Basalt hawk-headed god Khonsu, Dyn. 20

Basalt hawk-headed god Khonsu, Dyn. 20
Period:Egypt, New Kingdom, Dynasty 20, Ramesses III/Usermaatre-Meriamun
Dating:1185 BC–1145 BC
Origin:Egypt, Upper Egypt, Thebes
Physical:10.1cm. (3.9 in.) - 275 g. (9.7 oz.)

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Links to others from Dynasty 20

Aegis-Menat of Tefnut and Shu, Dyn. 20
Amulet of Ptah-Sokar, Dyn. 20-21
Bronze statuette of Anhur, Dyn. 20
Bronze statuette of Sakhmet, Dyn. 20
Cartonnage with Isis, New Kingdom
Crude pottery shawabti, Late Dyn. 20
Crude pottery shawabti, Late Dyn. 20
Gilded funerary mask, Dyn. 20
Large amulet of Pataikos, Dyn. 20
Mummy cartonnage, New Kingdom
Priest of Hapy, temple of Aswan, Dyn. 20
Ptah-Min of Memphis, Dyn. 20
Ruling king as Khonsu, Dyn. 20
Shawabti of Hor-Te-Ha, early Dyn. 20
Shawabti of the prophet of Amen, Dyn. 20
Unidentified king as Khnum, Dyn. 20

Links to others representing Khons

Ruling king as Khonsu, Dyn. 20
Scarab with God Khonsu, Dyn. 18

Links to others of type Statuette-animal

Bronze of Ibis-Thoth, 3rd Inter. Period
Bronze of Sakhmet seated, Dyn. 20-23
Bronze of Sakhmet seated, early Dyn. 18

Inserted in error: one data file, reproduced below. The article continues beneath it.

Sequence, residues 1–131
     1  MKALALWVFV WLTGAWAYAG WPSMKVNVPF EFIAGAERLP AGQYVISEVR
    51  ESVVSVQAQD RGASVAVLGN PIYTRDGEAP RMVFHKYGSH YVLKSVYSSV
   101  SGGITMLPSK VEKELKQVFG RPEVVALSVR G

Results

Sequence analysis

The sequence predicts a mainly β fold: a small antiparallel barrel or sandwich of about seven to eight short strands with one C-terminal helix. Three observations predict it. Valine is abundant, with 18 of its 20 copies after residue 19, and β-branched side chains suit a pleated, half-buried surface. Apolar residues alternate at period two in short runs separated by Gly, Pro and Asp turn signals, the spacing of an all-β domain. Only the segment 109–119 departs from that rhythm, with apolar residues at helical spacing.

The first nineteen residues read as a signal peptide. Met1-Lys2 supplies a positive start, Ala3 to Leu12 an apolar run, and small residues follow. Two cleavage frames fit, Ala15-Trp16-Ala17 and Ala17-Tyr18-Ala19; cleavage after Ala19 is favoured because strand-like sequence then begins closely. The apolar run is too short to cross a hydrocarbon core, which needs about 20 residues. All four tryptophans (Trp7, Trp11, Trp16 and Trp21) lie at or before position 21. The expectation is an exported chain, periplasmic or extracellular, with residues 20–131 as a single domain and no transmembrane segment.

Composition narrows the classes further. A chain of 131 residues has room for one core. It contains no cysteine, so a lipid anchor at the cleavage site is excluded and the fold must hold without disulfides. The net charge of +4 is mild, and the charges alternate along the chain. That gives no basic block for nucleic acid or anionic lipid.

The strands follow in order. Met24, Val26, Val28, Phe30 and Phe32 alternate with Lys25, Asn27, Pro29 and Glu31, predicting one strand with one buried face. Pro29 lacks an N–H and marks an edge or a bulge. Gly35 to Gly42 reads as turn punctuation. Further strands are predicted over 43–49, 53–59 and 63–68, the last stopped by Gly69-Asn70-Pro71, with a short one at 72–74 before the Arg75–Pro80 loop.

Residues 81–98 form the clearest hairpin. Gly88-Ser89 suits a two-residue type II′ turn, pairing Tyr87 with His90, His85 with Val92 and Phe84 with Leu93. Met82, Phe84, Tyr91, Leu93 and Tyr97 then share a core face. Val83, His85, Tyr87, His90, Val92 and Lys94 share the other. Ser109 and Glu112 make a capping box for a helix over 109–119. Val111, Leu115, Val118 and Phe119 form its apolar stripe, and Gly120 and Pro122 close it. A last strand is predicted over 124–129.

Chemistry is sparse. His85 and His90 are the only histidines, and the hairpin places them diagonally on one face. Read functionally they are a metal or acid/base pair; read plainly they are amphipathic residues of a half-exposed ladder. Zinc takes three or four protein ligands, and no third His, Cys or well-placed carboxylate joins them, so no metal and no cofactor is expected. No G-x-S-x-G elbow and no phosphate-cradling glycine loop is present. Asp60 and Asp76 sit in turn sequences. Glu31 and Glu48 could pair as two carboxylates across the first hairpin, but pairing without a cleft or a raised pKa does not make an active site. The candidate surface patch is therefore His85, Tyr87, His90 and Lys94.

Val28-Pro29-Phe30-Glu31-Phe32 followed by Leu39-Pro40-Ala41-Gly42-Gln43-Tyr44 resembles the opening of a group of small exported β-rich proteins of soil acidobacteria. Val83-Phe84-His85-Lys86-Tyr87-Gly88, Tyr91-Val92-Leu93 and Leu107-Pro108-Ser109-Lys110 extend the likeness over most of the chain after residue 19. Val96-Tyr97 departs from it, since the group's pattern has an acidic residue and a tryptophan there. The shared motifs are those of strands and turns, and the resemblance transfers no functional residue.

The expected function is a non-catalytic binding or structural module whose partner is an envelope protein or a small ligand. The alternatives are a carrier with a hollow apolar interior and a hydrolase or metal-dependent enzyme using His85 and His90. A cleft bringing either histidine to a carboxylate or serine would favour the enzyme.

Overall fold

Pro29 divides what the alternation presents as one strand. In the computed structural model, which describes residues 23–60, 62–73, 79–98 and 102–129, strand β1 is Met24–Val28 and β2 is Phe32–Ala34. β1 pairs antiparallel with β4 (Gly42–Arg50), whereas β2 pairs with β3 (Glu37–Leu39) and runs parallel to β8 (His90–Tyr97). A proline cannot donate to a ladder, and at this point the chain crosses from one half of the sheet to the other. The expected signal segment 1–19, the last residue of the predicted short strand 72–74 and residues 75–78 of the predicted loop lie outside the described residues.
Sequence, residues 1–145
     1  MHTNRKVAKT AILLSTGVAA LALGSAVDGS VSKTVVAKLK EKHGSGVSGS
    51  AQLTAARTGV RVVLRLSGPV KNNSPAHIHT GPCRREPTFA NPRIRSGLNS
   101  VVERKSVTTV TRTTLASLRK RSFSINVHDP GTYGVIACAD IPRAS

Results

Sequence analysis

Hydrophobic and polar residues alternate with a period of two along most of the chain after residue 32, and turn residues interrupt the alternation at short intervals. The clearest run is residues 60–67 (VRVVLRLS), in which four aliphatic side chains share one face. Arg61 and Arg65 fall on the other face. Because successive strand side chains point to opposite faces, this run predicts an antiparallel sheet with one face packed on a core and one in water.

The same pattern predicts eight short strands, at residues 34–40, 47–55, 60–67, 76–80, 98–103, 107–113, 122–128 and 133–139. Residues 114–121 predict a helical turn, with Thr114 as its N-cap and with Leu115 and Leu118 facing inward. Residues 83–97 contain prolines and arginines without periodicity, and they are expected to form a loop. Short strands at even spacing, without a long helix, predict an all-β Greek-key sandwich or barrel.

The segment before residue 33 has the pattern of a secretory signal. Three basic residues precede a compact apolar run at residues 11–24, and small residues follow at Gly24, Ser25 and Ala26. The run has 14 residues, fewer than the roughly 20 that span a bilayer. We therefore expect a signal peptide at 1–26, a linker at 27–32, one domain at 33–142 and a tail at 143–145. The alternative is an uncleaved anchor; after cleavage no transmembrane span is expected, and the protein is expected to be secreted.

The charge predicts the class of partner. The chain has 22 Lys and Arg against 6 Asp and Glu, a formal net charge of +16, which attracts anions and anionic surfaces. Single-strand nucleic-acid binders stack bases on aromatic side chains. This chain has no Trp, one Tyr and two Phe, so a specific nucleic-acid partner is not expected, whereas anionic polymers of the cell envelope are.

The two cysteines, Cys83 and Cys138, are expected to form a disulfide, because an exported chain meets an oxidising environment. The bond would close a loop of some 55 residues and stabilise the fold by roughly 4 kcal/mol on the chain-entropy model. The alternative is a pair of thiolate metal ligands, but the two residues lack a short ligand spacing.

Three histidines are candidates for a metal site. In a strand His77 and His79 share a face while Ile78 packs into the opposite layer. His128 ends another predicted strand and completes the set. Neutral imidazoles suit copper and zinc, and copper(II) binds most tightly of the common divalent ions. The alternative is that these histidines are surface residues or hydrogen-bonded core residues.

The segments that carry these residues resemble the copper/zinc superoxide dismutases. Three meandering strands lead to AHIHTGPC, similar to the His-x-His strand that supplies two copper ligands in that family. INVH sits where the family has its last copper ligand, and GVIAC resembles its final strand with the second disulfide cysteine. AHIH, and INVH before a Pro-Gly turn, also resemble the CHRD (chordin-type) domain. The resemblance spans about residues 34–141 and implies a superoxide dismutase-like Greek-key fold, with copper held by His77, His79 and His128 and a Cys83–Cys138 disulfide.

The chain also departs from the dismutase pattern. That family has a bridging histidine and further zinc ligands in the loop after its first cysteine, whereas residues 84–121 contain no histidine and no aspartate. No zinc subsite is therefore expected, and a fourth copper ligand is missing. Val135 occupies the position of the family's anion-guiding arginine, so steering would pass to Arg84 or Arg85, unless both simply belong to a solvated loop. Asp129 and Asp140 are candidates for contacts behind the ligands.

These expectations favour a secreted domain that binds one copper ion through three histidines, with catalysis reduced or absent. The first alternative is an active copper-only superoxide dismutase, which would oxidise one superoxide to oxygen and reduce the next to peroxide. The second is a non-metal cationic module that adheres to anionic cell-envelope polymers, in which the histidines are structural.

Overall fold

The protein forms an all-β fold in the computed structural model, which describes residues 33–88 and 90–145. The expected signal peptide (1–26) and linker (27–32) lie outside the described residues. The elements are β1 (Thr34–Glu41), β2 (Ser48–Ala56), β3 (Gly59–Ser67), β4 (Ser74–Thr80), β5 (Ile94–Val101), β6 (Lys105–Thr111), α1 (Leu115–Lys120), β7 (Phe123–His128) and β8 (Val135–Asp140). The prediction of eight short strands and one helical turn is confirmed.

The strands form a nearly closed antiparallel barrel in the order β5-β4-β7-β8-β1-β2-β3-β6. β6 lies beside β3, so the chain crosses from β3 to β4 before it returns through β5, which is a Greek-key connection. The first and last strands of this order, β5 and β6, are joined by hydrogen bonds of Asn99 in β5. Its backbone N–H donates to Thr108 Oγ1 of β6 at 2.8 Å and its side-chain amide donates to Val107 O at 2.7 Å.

Bronze Ra ensign, Early Dynastic
Bronze statuette of Apis, Dyn. 18
Bronze statuette of Apis, Late Period
Bronze statuette of Apis, New Kingdom
Bronze statuette of Bastet, Dyn. 22
Bronze statuette of Bastet, Dyn. 26
Bronze statuette of Sakhmet, Dyn. 20
Gilded bronze of Bastet, Dyn. 22
Horus, Lord of the Two Lands. N.K.
Ibis-headed Thoth with human body, Dyn.18
Oxyrynchus sacred fish, New Kingdom
Thoth as a baboon, stone, 2700-2500 BC
Unidentified king as Khnum, Dyn. 20
Wood statuette of Horus stiding, Dyn. 11
  This basalt stone statuette depicts a seated figure of the hawk-headed god Khonsu, son of Amun and Mut in the Theban divine triad. Late New Kingdom, beginning of Dynasty 20 (1185-1145 BC).

“In the 20th Dynasty (1186-1069 BC) a temple of Khonsu was built within the precincts of the temple of Amun at Karnak” (Shaw & Nicholson 1995:151).

Intrigued by the feminine appearance of the chest, Khalil (1976:[2]269-275) offered two alternate interpretations. The simplest is that the modeling reflects some of the New Kingdom aesthetic canons for royal iconography, in which a voluminous chest was a sign of royal strength, as seen on the statue of Thutmose III in this collection. An alternate reading of this sculpture, derived from Dr. Abu Bakr’s interpretation of certain Old Kingdom artifacts, sees the falcon head as the father principle, the breasts as the mother principle, and the fusion of these as the son, resulting in a familial trinity embodied in a single subject.

Bibliography (for this item)

Khalil, Hassan M.
1976 Preliminary Studies on the Sanusret Collection. Manuscript, Musée l’Egypte et le Monde Antique, Monaco-Ville, Monaco. ([2]269-275)

Shaw, Ian, and Paul Nicholson
1995 The Dictionary of Ancient Egypt. British Museum Press, London, United Kingdom. (133, 151)

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